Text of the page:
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For the third year in a row, Robert Greenwald, Director of the HLS Health Law and Policy Clinic, was awarded a Positive Leadership Award from the National Association of People with AIDS (NAPWA). At last week’s NAPWA awards reception in Washington D.C., Frank Oldham, President and CEO of NAPWA, quipped that this year the award should be considered a lifetime achievement award for Greenwald, a national leader in AIDS policy, in order to make room for others to receive the Award. The Positive Leadership Award is NAPWA's highest recognition of service to people living with HIV and AIDS, honoring elected officials and advocates who have made major contributions to improving the lives of people living with HIV. Past recipients of the award include President Barack Obama and then-House Speaker Nancy Pelosi. Greenwald, a Senior Clinical Instructor and Lecturer on Law, and Managing Director of the WilmerHale Legal Services Center in Jamaica Plain, founded the Health Law and Policy Clinic in 1987 as the nation’s first law school-based AIDS law clinic. The Clinic is recognized as a national leader in efforts to improve health care access and health outcomes for low-income people, particularly people living with chronic illnesses including HIV/AIDS. Under Greenwald’s leadership, the Clinic is at the forefront of health law and policy issues in the state and nationally, and it helped design and pass 2010 federal health reform legislation that expands Medicaid coverage to more than 15 million low-income, uninsured Americans. Greenwald is a member of the Presidential Advisory Council on HIV/AIDS.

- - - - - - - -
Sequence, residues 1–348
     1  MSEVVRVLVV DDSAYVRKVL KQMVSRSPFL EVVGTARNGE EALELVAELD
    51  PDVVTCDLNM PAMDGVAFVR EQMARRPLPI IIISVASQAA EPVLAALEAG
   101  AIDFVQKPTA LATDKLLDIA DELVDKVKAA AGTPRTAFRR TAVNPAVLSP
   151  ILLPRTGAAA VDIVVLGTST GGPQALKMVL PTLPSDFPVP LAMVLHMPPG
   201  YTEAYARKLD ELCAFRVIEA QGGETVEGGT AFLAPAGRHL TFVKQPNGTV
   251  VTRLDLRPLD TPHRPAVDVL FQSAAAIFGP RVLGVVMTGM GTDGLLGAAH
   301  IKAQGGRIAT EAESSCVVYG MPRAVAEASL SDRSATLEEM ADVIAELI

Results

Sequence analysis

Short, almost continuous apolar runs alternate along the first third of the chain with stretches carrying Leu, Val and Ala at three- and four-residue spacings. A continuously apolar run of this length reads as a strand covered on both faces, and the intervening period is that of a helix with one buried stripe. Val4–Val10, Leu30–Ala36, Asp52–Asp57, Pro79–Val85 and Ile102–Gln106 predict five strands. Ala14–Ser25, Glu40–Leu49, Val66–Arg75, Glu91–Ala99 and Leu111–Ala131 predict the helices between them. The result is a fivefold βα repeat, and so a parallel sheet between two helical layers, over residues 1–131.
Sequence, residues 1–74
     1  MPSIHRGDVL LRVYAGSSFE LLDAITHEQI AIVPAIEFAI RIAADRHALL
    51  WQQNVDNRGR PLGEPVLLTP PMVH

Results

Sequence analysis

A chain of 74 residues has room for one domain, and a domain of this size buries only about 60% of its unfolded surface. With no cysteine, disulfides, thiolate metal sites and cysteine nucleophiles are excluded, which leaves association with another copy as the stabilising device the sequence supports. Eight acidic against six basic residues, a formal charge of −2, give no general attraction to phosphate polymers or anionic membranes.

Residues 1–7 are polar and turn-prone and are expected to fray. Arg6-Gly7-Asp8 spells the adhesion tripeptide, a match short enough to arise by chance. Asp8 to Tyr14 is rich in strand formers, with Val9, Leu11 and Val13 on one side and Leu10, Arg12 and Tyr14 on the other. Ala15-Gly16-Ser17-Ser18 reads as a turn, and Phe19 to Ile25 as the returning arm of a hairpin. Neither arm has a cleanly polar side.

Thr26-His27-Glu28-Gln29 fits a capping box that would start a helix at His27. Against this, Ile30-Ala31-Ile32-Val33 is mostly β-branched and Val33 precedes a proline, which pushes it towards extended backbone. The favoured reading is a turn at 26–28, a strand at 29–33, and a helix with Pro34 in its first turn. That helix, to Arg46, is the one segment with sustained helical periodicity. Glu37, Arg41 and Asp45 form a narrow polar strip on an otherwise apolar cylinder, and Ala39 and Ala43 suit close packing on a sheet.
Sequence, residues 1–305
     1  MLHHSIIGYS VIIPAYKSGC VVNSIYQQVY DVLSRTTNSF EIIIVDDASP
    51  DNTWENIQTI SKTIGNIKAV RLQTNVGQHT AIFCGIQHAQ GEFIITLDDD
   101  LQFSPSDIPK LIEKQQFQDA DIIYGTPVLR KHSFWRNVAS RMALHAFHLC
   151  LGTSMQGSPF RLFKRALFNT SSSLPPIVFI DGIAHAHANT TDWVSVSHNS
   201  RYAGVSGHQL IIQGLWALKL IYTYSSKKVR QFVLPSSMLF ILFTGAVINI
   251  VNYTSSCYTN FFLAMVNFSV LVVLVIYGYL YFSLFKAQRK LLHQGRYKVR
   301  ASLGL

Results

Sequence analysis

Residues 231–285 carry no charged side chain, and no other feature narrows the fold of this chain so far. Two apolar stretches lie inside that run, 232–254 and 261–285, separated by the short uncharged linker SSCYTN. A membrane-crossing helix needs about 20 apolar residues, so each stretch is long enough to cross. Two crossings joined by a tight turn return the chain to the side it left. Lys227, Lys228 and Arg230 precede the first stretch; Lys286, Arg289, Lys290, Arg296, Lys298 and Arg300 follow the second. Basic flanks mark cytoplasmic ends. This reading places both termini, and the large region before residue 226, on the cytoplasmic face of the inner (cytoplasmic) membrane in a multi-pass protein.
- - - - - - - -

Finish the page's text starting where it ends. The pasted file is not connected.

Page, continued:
The Clinic and its students are involved in several major projects, including the State Healthcare Access Research Project (SHARP), in which students have been traveling to southern states to document and produce reports on access to health care and support services for low-income people. Last week, they traveled to Columbia, S.C., to share their report on South Carolina with community-based partners and with the state legislature, which is in the process of making major cuts to the state budget, including for health care programs for people living with HIV and other chronic medical conditions. The report’s release and a state house press conference was covered by many TV and newspapers in South Carolina, including local television stations, and an op-ed piece by HLS Clinical Instructor Forothee Alsentzer of the Health Law and Policy Clinic was published by the online edition of The State, the daily newspaper in Columbia, S.C.
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